Opposition politicians have lodged a request with Turkey's Constitutional Court asking it to prevent President Recep Tayyip Erdoğan from making statements that breach electoral rules on presidential impartiality.
Earlier this week, the pro-Kurdish Peoples' Democratic Party (HDP) had lodged a complaint with the Supreme Election Board that Erdoğan, one of the founders of the ruling Justice and Development Party (AK Party), had broken restrictions that prohibit the president from becoming involved in party politics. But, the HDP's complaint was rejected by Turkey's election regulator in a unanimous decision.
In a statement released on Saturday, the HDP said Ali Ürküt, the HDP co-chairman, and Hülya Çapar Duran, a member of the party's legal committee, had filed suits with the Constitutional Court to ban President Erdoğan from openly supporting any political party, which is prohibited by Turkey's electoral laws.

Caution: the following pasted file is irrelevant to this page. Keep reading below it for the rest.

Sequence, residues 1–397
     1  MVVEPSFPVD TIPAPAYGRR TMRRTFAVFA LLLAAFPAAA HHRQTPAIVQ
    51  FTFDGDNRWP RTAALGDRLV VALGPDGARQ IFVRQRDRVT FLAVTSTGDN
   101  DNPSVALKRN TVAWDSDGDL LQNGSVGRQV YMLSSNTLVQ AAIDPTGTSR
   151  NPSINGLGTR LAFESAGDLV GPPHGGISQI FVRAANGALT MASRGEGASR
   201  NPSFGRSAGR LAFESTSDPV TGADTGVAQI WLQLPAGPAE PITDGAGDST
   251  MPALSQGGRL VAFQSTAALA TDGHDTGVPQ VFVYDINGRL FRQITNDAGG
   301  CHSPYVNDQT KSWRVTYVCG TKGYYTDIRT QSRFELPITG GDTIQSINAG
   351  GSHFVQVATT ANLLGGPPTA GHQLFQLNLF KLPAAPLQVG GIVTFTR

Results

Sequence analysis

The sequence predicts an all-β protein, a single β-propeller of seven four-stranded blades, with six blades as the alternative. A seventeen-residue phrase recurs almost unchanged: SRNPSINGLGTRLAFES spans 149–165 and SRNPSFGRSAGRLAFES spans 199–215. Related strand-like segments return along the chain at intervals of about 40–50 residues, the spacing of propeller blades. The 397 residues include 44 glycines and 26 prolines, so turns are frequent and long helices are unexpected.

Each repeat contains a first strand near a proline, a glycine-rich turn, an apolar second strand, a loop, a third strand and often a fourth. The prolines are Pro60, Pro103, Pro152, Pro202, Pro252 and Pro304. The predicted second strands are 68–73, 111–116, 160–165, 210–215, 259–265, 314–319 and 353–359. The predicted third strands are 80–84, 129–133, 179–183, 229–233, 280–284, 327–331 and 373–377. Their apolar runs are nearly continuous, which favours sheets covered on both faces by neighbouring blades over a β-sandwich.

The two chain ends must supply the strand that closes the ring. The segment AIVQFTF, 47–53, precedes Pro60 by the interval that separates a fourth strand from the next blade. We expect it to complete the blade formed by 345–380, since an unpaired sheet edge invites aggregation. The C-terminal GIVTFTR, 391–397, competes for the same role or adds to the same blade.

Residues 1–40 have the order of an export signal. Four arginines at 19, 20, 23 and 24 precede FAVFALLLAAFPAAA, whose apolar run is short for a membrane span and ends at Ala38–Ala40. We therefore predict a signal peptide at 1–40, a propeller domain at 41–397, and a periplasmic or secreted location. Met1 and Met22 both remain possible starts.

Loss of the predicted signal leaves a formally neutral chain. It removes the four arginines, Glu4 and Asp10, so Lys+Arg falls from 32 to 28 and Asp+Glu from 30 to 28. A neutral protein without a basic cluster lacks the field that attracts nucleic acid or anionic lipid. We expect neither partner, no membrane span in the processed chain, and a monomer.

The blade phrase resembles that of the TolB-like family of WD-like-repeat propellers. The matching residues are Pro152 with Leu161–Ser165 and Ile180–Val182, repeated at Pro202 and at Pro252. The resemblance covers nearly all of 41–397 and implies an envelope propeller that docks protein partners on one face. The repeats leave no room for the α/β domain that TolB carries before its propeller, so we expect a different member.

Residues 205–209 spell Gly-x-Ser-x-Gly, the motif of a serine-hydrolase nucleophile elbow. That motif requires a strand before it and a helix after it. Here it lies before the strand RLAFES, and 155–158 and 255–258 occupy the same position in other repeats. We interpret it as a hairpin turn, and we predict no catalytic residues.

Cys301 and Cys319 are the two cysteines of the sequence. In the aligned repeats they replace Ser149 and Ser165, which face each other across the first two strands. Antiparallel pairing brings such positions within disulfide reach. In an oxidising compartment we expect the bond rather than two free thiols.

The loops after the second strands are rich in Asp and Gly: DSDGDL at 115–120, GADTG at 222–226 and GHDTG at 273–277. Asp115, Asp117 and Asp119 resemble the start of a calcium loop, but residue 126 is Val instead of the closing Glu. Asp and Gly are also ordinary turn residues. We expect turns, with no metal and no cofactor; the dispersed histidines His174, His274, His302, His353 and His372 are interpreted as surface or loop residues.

The statement said that the President's comments were "an obstacle to forming a fair, free and equal election environment", accusing Erdoğan of using "citizens' taxes in order to gain votes for a political party."
In the run up to the June 7 election, Erdoğan has been giving speeches at opening ceremonies across Turkey, during which he has often promoted the presidential system he wants to see replace Turkey's existing parliamentary system.
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